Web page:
The worst trades in the history of the Houston Astros franchise
The recent DFA of Carlos Gomez has caused many Houston Astros fans, and for that matter, baseball fans to consider the 2015 pennant drive trade for Gomez to be an abject failure. For long-time Houston fans, this has brought to mind some of the not-so-great deals of years past.
This is the third in a series of articles taking a look at those trades which did not work out well for the Astros. In the first article, we looked at the “Joe Morgan Trade”. Here we will consider the “Kenny Lofton Trade.”
December 10, 1991 – Astros trade OF Kenny Lofton to the Cleveland Indians for C Eddie Taubensee and P Willie Blair
This trade was made for all the right reasons. The Astros were preparing to move all-star C Craig Biggio to 2B for the 1992 season. By any measuring stick, the Astros did the right thing there as he went on to develop what would become a career that culminated with him enshrined in the Baseball Hall of Fame in 2015.
The Astros’ Side
The Stros needed a catcher. To get something good, you have to give up something good. Ok, this is where the trade went awry. At the time, the organization didn’t have a stable of catchers ready to step into the role. The top of the class included Tony Eusebio, who would later serve the team in a reserve role for some years but never had the skills to be an everyday catcher.
Scott Servais was considered the up-and-coming catching prospect, but he was deemed not quite ready. The only other catcher at the top levels of the minors was Carl Nichols (I’ll pause while we say a collective “who???”).
Taubensee had a solid year at AAA for the Cleveland Indians. He hit over .300 and hitting 13 HR, and spent some time with the big league club in 1991. Houston GM Bill Wood evidently was convinced that Taubensee was ready for the big time and would be the answer at catcher.
Taubensee spent three years with the Astros, two as the primary catcher. In 203 games, he hit 14 HR and had 70 RBI, batting .234. He threw out 30% of runners trying to steal, so he was decent behind the plate.
Willie Blair was, in retrospect, likely the throw-in to even out the deal. He appeared in 29 games in his only season with the Astros, starting eight games for a team that was in the midst of a total rebuild. He finished with a 5-7 record. Blair had a 10-year career in the majors, mostly as a middle reliever.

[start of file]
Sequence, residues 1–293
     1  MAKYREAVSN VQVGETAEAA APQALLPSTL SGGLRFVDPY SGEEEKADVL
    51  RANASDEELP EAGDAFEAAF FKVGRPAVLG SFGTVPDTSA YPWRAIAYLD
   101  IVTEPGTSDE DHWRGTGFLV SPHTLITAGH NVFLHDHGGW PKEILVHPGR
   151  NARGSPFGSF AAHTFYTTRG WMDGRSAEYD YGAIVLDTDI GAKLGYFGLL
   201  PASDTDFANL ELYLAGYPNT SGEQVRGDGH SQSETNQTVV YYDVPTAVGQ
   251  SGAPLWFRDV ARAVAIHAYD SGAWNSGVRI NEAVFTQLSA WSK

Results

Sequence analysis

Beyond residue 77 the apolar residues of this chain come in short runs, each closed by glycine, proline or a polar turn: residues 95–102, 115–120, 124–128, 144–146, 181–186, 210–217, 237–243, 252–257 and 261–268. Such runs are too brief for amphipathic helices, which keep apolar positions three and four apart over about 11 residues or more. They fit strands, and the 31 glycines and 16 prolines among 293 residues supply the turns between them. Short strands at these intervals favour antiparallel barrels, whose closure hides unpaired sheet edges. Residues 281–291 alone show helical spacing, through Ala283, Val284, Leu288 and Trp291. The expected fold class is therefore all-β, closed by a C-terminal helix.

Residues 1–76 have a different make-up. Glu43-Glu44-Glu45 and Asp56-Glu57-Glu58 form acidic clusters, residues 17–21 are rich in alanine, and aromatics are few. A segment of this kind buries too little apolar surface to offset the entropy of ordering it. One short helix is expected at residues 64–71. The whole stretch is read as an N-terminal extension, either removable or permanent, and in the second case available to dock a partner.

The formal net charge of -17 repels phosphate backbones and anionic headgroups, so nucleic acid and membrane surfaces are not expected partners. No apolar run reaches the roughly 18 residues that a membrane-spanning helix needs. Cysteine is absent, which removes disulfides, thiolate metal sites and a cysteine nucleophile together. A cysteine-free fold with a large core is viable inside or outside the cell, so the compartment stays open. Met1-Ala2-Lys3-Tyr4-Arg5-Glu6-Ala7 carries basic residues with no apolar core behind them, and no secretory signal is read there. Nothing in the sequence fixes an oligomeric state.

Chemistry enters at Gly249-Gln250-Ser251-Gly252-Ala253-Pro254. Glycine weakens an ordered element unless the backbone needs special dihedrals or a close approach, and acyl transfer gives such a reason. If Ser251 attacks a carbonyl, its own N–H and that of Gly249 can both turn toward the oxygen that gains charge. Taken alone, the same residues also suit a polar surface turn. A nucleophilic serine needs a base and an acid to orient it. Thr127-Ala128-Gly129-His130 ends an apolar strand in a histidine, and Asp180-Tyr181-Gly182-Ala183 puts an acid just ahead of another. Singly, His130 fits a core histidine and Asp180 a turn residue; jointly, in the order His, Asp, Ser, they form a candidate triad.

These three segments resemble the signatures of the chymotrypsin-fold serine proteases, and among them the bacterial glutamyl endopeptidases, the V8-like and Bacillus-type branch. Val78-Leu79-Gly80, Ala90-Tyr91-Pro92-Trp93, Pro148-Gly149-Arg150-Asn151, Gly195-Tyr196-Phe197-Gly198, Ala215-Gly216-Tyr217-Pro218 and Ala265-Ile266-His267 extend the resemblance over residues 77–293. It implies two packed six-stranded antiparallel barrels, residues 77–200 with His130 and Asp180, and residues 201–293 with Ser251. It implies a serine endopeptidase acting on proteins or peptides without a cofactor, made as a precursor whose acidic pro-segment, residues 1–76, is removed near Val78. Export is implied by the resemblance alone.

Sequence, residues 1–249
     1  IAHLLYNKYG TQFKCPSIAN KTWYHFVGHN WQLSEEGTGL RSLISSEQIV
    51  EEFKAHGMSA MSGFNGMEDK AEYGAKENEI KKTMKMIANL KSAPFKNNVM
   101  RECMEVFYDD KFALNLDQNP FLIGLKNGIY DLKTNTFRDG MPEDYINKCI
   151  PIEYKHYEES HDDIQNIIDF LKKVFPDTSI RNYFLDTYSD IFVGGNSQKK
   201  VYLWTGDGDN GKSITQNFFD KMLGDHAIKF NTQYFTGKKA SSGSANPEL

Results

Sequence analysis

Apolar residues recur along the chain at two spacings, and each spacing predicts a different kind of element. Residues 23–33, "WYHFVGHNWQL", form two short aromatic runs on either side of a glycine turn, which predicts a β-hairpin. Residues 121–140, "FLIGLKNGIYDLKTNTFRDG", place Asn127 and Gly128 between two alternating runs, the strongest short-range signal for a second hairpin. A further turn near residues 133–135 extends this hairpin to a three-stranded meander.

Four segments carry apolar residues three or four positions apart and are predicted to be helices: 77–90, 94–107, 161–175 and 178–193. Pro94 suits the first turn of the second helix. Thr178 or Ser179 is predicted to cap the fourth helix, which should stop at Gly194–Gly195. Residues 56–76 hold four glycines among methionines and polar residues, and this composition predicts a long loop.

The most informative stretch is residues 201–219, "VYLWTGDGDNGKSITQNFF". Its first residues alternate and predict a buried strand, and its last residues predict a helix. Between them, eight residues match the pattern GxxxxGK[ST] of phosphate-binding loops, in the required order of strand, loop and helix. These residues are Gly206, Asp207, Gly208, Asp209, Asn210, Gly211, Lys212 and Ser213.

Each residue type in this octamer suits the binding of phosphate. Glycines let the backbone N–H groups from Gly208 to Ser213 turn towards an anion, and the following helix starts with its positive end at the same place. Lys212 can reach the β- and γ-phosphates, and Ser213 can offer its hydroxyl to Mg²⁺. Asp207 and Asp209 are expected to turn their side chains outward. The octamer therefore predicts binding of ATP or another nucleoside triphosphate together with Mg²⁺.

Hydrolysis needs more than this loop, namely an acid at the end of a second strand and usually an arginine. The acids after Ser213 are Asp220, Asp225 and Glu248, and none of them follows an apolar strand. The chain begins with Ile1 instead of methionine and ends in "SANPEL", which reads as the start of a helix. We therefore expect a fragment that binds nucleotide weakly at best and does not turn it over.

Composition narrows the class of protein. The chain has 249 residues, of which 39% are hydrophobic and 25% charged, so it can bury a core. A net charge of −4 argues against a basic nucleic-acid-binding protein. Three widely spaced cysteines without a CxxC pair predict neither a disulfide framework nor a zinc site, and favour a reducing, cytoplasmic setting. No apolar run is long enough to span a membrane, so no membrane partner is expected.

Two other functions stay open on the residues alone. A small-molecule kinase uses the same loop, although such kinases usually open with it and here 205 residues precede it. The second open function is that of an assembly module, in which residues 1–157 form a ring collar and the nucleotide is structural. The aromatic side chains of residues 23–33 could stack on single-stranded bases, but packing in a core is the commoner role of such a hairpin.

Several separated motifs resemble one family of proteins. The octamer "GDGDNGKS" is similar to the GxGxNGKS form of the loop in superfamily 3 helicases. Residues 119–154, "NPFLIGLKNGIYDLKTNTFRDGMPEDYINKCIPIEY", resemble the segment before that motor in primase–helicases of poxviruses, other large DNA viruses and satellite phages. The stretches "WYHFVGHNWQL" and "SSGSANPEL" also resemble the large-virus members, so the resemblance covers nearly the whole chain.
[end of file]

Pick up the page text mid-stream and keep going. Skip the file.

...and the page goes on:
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The Indians’ Side
To be fair, we have to speculate on GM Bill Wood’s thinking process. Lofton had been a basketball player at Arizona State and was a very promising CF prospect in the Astros’ organization. He had a trial run in the majors in 1991, hitting .203 in 74 at-bats. He was always considered outstanding defensively. But the question was whether he would ever be able to be a significant offensive contributor, outside of his outstanding speed.
As I said earlier, you have to give up something to get something. Steve Finley had just completed a solid rookie season in CF for the Astros, hitting .285 with 34 SB, which would be a hindrance for Lofton with the big league club. The organization had a few other OF prospects, so Wood likely felt he was dealing from a position of strength.
Making a trade is always risky because you never know how the players are going to play for another organization, especially young players. As it turns out, Taubensee lost playing time in year two with the Astros and was only with the club for three seasons.
Lofton turned into a perennial all-star and .300 hitter over the next 16 seasons, helping Cleveland to the World Series in 1995. With the Astros on the rise in 1992, an outfield with Lofton and Finley, alongside young Luis Gonzalez, could have been an anchor for several years, but we’ll never know.
What other trades, in your mind, are some of the worst in Houston Astros’ history?
***Statistics by Baseball Reference***